Old 4th Ward
Staplehouse has seasonal, farm-fresh ingredients, and an inventive kitchen that make for a rotating chef’s tasting, and a la carte menus that are complex, unique, and delectable. Plus, proceeds benefit the Giving Kitchen, which provides aid to industry folks in need. Pro tip: don’t miss out on their perfectly executed wine pairings.
This quiet new restaurant in the corner of Krog Street Market has a seafood and poultry-heavy menu with standouts like the clam roll and dry-aged roasted duck, but their cocktails are the true attractions. Belly up to the bar and sip on everything, including their signature Ticonderoga Cup: a ridiculously good combination of rum, cognac, sherry, pineapple, lemon, and mint.
The delicious Vietnamese eats like pho, banh mi, and more you’ll find inside this tiny hidden gem not only rival those found along Buford Highway, but save you a trek as well -- plus, they have some of the friendliest service and most reasonable prices in the city.
While everything Home Grown makes is worth sampling, their Comfy Chicken Biscuit (crisp and juicy fried chicken atop a buttery biscuit and drowned in creamy sausage gravy) is noted as the best thing to eat in the entire state of Georgia. So yeah, get that if you HAVE to pick just one.
Settle into one of the deep booths in the beautiful and spacious dining room at this upscale brasserie and prepare for some serious bliss in the form of a couple of courses, including the foie gras with fig terrine, escargot, and the L’Entrecôte steak with frites and insanely flavorful sauce verte.
Bless Fat Matt’s for their fall-off-the-bones-tender ribs, rich and gooey-as-hell macaroni & cheese, and rum baked beans. All this (plus live music and zero pretense) are the things that our dreams are made of.
It’s pretty hard to nab a non-10pm reservation for Gunshow, but if you do, order as much as you can, and pay special attention to the newest menu addition: charcoal-grilled veal sweetbreads, creamed kale, cotechino, maple-braised rutabaga, pickled persimmon, and pecan gremolata.
Mercantile is an unassuming deli with delectable build-your-own sandwiches, prepared meals, and gourmet wares (including a surprisingly large selection of wines), all for you to take home.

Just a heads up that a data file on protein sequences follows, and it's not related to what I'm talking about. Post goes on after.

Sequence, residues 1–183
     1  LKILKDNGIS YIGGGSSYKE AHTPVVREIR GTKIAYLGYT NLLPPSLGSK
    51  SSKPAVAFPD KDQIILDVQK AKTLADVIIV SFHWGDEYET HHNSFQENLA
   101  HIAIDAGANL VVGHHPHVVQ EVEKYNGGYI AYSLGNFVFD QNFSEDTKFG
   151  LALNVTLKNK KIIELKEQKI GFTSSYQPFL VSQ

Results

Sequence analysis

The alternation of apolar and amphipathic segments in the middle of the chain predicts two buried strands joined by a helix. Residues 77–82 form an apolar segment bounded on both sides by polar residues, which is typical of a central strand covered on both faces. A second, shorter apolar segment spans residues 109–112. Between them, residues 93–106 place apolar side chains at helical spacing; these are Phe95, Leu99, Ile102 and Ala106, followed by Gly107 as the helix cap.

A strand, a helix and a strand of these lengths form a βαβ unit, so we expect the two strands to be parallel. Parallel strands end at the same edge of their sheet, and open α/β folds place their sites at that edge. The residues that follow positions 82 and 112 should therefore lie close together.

Churning out rustic, Southern-inspired cuisine with an easy touch, this place is universally raved about. Get there asap for a table and be sure to try their legendary deviled eggs, duck legs, and kale caesar salad for a delicious touch of healthy greens.
With delicious, international-inspired small plates, excellent craft cocktails, a solid mostly-domestic wine and beer selection, and a gorgeous, ambient setting, Saltyard has gained a cult following for good reason. Their seasonal offerings vary, but arguably peak in summer when they rely on fresh Georgia peaches. We can’t get enough of their creamy, homemade Burrata accented with lemon, thyme, and chili flakes served alongside pickled peaches, crispy country ham, and delectable cornbread crumbs. It may well be the city’s best sophisticated Southern dish.
Known among many ATLiens as the city’s best kept secret, 1Kept slings some of the city’s finest meat-based dishes. From pork loin to steak frites and more, their meats are all melt-in-your-mouth delicious. Maybe even more impressive? Some of their most beloved dishes are meatless (or easy on the meat). Don’t let the delectable pimento cheese board, with its grilled, crusty sourdough and pumpernickel breads, assorted jams, and homemade pickles pass you by. And for a dose of healthy greens, check out the warm kale salad with spicy chorizo, quinoa, carrots, and sweet, plump golden raisins tossed in a spicy chili oil vinaigrette.
Their food is legendary, but now, their service model has changed, which makes impatient patrons love this place even more. Instead of dodging servers in their charming dining area, you can place your order at the counter, take a seat, and wait leisurely for your meal. No matter what you get, don’t even think of missing out on their signature matchstick okra fries. That said, it’s impossible to go wrong with the Maharaja Lamb Burgers: a thick, juicy lamb burger flavored with ginger, mint, garlic, pistachio, and more. And then wash it all down with a Lime Rickey.
Pallookaville is a perennial ATL favorite because they make any number of fried meats on a stick -- from regular corn dogs to meatsticks loaded with Italian sausages, Kielbasa, and more. Add to that their legit sandwiches and sides (like a mammoth Reuben and the mac and cheese topped with Cheez-Its) and boozy milkshakes, and you have what may very well be the most unique spot in Atlanta.